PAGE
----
Android is made for anyone heavily invested in the Google ecosystem (Gmail, Google Drive, Google Calendar); people who prefer their maps with public transit directions and a high level of accuracy; people who like control over their computer systems and who are fans of customization and tinkering; anyone looking for a low-cost smartphone and are unable (or unwilling) to pay the Apple premium; and buyers who want a large screen.
Apple's iOS operating system powers iPhones, iPads and the iPod touch. It's is the second top-selling smartphone operating system; 14% of all smartphones sold worldwide in the last quarter were running iOS. The gap between Android and iOS is huge, but keep in mind that Apple's platform only runs on one smartphone line, the iPhone.
This is the most straightforward interface in the bunch, and it's been relatively unchanged since the first iPhone came out in 2007. There have been nice minor tweaks, such as the addition of folders and notifications, but the gist is the same.
The home screen displays icons for each app; they aren't stashed away in any second location. You can organize apps in folders or search for them using the Spotlight search feature.
The iPhone doesn't display live-updating content on the home screens like Android and Windows Phone devices do. It does have a notification center and notification badges that can appear on icons. The lock screen isn't very customizable beyond the background photo.
A fixed dock along the bottom of the screen can display the four apps you use the most.
Apps and content
Apps must be purchased in the official Apple App Store, which currently has more than 700,000 apps and games in stock. The importance of a platform with a large volume of apps is overblown. What matters is the availability of quality apps and the willingness of major developers and companies to produce good products for that platform.
Content including music, movies, TV shows, podcasts, books and audiobooks are purchased through the well-stocked iTunes Store, though you can also buy them through another company such as Amazon and synch them to your iPhone. Books are also available directly through the iBooks app.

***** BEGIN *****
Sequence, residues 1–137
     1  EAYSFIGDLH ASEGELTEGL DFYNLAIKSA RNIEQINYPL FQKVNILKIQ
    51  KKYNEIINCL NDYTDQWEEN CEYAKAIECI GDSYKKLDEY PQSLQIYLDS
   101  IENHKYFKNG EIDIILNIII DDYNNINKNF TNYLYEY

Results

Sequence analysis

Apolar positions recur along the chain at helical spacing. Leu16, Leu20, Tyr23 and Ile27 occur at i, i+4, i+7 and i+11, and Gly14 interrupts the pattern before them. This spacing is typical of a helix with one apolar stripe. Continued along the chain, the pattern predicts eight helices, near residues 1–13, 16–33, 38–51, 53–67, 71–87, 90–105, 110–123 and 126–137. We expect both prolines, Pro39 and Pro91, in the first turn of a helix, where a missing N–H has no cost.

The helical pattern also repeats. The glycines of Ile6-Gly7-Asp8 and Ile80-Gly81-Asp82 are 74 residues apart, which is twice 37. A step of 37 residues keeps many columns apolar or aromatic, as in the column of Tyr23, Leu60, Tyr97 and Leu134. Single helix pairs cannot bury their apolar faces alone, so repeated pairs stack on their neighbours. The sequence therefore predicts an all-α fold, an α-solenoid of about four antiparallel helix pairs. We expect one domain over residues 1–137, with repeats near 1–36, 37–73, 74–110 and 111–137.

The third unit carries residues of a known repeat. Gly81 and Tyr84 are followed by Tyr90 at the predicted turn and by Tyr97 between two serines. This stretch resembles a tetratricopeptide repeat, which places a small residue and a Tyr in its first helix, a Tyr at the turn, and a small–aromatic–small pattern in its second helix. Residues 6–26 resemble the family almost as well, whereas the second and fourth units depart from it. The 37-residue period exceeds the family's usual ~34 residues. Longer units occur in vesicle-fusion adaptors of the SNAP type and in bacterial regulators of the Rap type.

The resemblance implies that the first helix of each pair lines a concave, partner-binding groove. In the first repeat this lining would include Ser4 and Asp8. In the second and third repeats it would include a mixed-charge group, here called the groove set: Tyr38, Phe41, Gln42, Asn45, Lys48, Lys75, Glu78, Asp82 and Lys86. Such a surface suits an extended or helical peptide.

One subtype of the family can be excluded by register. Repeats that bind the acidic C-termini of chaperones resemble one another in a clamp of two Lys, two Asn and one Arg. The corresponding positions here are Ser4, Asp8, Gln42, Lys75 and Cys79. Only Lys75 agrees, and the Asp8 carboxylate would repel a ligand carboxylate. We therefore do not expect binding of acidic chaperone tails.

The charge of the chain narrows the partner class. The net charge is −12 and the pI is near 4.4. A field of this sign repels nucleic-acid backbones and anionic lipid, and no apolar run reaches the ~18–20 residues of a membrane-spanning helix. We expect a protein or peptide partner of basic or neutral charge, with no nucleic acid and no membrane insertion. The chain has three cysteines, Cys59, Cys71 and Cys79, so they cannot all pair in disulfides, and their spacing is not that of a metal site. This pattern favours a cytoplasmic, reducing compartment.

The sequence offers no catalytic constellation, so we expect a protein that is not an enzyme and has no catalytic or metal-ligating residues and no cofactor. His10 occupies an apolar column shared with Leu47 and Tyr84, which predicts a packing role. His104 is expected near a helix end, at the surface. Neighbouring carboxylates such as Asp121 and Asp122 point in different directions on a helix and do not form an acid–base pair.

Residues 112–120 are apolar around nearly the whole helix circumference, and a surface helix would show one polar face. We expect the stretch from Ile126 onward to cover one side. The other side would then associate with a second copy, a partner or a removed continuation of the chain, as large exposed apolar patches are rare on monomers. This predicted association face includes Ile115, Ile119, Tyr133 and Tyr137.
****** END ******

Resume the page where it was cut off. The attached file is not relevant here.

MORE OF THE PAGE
Apple has the tightest control over its operating system and the heaviest hand when it comes to editing exactly what features reach the final product. That means no extra preinstalled apps, just the necessities.
The iPhone is iOS's killer feature. It is a stunning piece of industrial design, and the newest version is durable and lightweight.
The voice-assistant feature, Siri; ease of use; and high-quality, third-party apps are other big selling points. If you're near an Apple store, the free tech support is a great perk.
Apple's iOS operating system only runs on Apple's iPhone, iPod touch and iPad. The latest version, iOS 6, runs on the iPhone 3GS, iPhone 4, iPhone 4S and the iPhone 5, though some features such as the camera's panorama mode and Siri are only available on the iPhone 4S and later.
The cheapest phone currently sold by Apple is the iPhone 4, which costs $450 unlocked but is free with a two-year wireless contract when you buy it through AT&T, Sprint or Verizon.
Who it's for
iOS is designed for people who want a simple interface; nontechnical types who will appreciate the convenient and free hand-holding available at the Genius Bar; Mac users; and design lovers.
WINDOWS PHONE 8
This is the second generation of Microsoft's Windows Phone operating system, which began in 2010. Windows Phone 8 was launched in October, and Microsoft hopes the expensive marketing campaign and improved features will help it climb up from fifth place. Last quarter, only 2% of phones sold in the world were Windows Phone devices.
Instead of icons, the Windows Phone 8 home screen is covered with a quilt of brightly colored squares and rectangles. Each tile can display live information, such as a photo album or your newest e-mail, which can save you a trip into the sometimes jumbled innards of the operating system.
A swipe to the left brings up an alphabetical list of installed apps. Tap and hold on an app to place it, or "pin" it, on the start screen. Tap a tile and hold to change its size or placement.